After spending a total of 13 seasons with Tampa Bay, tight end/long snapper Dave Moore is the longest tenured Buccaneer in franchise history.

However, Moore’s tenure as a Buccaneer player ended Thursday when he held a press conference at One Buccaneer Place to announce his retirement from the National Football League.

The 6-foot-2, 250-pound Moore played 15 seasons in the NFL. He originally entered the league in 1992 as a seventh-round draft pick with the Miami Dolphins.

Moore’s stint with the Dolphins was short-lived, though. He spent part of his first season on their active roster and practice squad before being released. That departure in November of ‘92 opened the door for Moore to join the Buccaneers.

Moore, 37, played for the Buccaneers from 1992-2001 and then 2004-06. He appeared in 220 career games, including 190 contests as a Buccaneer, which ranks second in franchise history behind only 10-time Pro Bowl linebacker Derrick Brooks.

Moore, who played several different positions for the Bucs during his 13 seasons with the team, including fullback, tight end, H-back and long snapper, caught 207 career passes for 2,208 yards and 28 touchdowns.

Thursday wasn’t the first time Moore’s stint in Tampa Bay ended. He was released by the Buccaneers during the 2002 offseason. That move came shortly after the Bucs traded for head coach Jon Gruden.

Shortly after that roster move, Moore joined the Buffalo Bills, whom he played for for two seasons (2002-03). In the meantime, the Bucs went on to win Super Bowl XXXVII.

While he acknowledged the fact that it was difficult to watch the Bucs finish something he helped start, Moore didn’t completely regret not being part of the Bucs in 2002. He said he took too many good experiences away from his time in Buffalo to have any regrets about being there.

Plus, the fact that Moore was able to later re-join the Bucs and play the last game of his career in his first Pro Bowl in February was certainly a rewarding way to end his career, especially when you consider the fact that Moore feared his career in the NFL might end before it even started.

“The funny thing is, it’s kind of bittersweet today because it is hard to walk away from it when it’s such a big part of your life,” Moore said. “And I wasn’t a guy that could kind of show up and do it halfway. I was a guy who lived football, lived in the weight room, watched film, learned every little bit of the game that I could to keep me around for awhile. I never for a million years thought I would be in a position to say it’s over. I thought for sure they would have tossed me out a long time ago.”

Although his playing days are over, Moore will remain a part of the Buccaneer organization. The team announced Thursday that Moore will join the Buccaneers’ Radio Network as the color analyst this season. Moore replaces Hardy Nickerson, who accepted a coaching job with the Chicago Bears in January, and will be working alongside play-by-play announcer Gene Deckerhoff.

“After a little shaky start, it went pretty well,” Moore said of his audition for the color commentator position on the Bucs’ Radio Network, which can be heard in the Tampa Bay area on 103.5 WFUS-FM and 620 WDAE-AM. “Once I got in the flow of what Gene was saying and how much time I was going to get, I really enjoyed it. I think all of us as players watch TV at times and you listen to some guys and the things they say, and you think, ‘They’re not even close.’ I’m sure I’ll be in the same boat, people will be saying the same about me, but for the most part I did enjoy it very much.”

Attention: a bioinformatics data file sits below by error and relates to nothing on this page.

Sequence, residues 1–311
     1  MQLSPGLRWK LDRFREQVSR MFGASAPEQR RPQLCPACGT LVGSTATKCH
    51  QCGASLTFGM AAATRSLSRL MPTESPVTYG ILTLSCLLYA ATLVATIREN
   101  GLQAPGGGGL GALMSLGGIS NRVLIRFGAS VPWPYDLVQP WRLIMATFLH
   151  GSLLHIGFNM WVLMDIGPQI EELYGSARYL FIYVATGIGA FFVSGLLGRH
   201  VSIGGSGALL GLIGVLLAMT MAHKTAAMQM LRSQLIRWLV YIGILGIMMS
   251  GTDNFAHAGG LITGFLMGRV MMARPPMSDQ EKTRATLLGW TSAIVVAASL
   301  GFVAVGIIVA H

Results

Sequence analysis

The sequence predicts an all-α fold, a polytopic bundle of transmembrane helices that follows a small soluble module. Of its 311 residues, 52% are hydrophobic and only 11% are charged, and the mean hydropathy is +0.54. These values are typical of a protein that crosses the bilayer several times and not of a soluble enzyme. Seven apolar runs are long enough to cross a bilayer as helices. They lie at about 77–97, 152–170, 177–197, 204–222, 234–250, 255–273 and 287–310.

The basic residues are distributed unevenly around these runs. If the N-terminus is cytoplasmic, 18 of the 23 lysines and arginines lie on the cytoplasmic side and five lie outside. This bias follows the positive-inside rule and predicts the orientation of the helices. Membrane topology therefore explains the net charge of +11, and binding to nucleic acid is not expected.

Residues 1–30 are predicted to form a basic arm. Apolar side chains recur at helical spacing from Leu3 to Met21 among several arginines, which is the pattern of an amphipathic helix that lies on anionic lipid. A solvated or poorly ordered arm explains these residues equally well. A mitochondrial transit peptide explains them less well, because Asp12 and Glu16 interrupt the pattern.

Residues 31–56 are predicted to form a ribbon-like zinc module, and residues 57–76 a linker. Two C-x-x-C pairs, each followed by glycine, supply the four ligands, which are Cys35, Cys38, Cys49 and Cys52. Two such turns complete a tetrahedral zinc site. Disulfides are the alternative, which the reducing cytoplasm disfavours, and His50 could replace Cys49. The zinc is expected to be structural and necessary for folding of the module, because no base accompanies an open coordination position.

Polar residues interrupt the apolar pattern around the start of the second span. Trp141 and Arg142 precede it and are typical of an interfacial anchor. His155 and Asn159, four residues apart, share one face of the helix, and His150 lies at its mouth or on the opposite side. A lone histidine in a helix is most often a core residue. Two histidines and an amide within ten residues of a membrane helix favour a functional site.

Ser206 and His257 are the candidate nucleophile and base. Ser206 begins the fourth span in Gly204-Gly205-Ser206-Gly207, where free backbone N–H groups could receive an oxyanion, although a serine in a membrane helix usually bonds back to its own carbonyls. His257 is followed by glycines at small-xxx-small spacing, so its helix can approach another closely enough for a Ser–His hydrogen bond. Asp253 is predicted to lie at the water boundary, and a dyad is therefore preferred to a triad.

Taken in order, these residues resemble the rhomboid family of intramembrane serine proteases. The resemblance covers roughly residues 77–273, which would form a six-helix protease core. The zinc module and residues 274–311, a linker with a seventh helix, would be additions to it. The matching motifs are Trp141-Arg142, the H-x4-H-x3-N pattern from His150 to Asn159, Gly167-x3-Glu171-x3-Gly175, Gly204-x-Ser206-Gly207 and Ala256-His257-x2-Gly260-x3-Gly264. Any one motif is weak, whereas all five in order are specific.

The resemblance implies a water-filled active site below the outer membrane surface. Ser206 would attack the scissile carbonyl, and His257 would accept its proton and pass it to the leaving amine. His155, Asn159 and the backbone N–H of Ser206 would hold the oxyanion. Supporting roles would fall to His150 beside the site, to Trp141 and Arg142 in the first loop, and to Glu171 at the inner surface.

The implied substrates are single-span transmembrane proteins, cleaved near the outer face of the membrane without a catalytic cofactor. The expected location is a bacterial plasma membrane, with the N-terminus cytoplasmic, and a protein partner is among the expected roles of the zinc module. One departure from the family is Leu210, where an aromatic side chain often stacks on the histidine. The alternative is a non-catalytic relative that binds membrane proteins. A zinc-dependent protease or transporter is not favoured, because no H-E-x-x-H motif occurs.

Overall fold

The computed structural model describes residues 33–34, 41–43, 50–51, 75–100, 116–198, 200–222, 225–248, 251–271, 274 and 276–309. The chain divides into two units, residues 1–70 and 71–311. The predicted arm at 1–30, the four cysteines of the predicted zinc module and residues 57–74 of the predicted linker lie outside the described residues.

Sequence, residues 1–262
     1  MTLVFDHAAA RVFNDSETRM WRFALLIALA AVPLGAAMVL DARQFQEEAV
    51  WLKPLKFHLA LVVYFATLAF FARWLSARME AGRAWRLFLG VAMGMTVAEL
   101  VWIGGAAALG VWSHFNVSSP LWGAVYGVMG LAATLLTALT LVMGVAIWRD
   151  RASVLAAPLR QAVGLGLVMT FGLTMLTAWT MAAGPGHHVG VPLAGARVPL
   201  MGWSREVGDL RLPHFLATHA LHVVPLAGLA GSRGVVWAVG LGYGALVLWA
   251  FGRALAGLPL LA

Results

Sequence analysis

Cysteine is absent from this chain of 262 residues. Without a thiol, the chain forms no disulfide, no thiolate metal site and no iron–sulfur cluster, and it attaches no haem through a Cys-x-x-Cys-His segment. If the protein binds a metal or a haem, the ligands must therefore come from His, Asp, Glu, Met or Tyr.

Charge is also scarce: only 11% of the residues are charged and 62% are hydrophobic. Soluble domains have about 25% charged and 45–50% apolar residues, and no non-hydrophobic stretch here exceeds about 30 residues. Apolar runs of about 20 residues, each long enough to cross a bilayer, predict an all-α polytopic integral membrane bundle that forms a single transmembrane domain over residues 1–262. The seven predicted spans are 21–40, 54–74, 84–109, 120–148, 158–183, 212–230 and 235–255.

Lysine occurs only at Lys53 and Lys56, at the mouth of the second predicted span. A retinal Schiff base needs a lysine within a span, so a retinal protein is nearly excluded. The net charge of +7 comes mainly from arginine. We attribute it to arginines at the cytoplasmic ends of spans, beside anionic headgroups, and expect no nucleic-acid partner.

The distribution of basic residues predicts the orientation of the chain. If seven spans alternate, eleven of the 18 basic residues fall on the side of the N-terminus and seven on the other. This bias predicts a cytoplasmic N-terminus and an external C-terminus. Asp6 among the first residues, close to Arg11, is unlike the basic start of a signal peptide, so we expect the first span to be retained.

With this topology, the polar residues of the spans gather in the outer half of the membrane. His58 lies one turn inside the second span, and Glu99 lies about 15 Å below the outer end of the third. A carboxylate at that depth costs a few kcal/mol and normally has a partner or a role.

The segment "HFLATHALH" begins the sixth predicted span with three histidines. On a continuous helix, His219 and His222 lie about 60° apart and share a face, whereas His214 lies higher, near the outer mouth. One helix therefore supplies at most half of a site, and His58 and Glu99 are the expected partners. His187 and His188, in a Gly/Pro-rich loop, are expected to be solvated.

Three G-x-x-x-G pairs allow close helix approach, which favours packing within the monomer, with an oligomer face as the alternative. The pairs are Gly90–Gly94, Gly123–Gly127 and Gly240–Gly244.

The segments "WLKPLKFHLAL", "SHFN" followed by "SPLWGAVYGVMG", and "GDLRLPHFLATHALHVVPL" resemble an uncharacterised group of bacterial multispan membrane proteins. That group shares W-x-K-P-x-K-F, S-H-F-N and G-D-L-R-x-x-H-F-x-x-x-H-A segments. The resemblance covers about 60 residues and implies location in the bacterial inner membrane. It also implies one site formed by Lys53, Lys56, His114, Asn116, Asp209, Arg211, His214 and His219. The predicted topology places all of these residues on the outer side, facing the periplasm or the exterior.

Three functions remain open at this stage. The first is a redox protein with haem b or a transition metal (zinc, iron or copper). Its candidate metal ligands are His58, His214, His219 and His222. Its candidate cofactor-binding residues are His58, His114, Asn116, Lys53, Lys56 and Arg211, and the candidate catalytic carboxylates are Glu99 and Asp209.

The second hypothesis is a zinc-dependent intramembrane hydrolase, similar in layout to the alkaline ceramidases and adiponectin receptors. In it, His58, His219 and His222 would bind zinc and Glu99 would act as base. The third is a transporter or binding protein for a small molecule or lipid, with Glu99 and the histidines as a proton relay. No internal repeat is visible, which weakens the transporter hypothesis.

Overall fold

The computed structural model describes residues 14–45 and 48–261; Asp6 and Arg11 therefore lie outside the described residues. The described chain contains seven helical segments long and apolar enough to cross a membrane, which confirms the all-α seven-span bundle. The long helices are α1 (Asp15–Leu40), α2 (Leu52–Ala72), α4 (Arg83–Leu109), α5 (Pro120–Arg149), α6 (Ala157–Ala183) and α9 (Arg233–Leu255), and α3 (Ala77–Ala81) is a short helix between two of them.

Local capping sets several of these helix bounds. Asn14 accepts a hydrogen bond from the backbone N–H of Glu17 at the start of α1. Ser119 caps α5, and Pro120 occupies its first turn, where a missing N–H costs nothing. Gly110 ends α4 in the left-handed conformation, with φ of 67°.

While they’re sad to see him hang up his cleats, shoulder pads and helmet, the Bucs spent Thursday celebrating Moore’s career and his new position in the radio booth.

“This is an exciting day for the Tampa Bay Buccaneers and an exciting day for Dave Moore’s career,” said Bucs general manager Bruce Allen, who served as Moore’s agent during his first two years in the NFL. “[He will be] providing great insight into special teams for the first time in the radio booth, as well as his complete understanding of what we do offensively and defensively. [His] career represented consistency and it represented the type of leader and player he is.”

Moore leaves the game of football having earned the respect of a lot of players and coaches, including Gruden, who worked with Moore as a wide receivers coach at the University of Pittsburgh when Moore was a collegiate player there.

“He’s a pro,” Gruden said of Moore. “He was a professional football player. He’s versatile, he’s a team guy, he’s a consistent football player and he’s a good player. That’s why he played as long as he did. He’s able to do a lot of things and he’s able to do a lot of things well.”

Moore was one of the fan favorites in Tampa Bay. He will still be performing for the Buccaneers and their fans on Sundays, but it will be in the radio booth instead of on the football field.

“I can still do what I love to do, and that’s to be around football,” said Moore. “It’s been such a big part of my life. I love the game. The kind of player I’ve always been is that I have to pay attention to the details. The big, stronger guys can kind of get away, but I was always undersized. I had to be very good at technique and learning defenses and anticipating what was going on around me. Hopefully I can take that and be a guy that can give something to the people who are listening to it about the game and why things happen and what to look for.”

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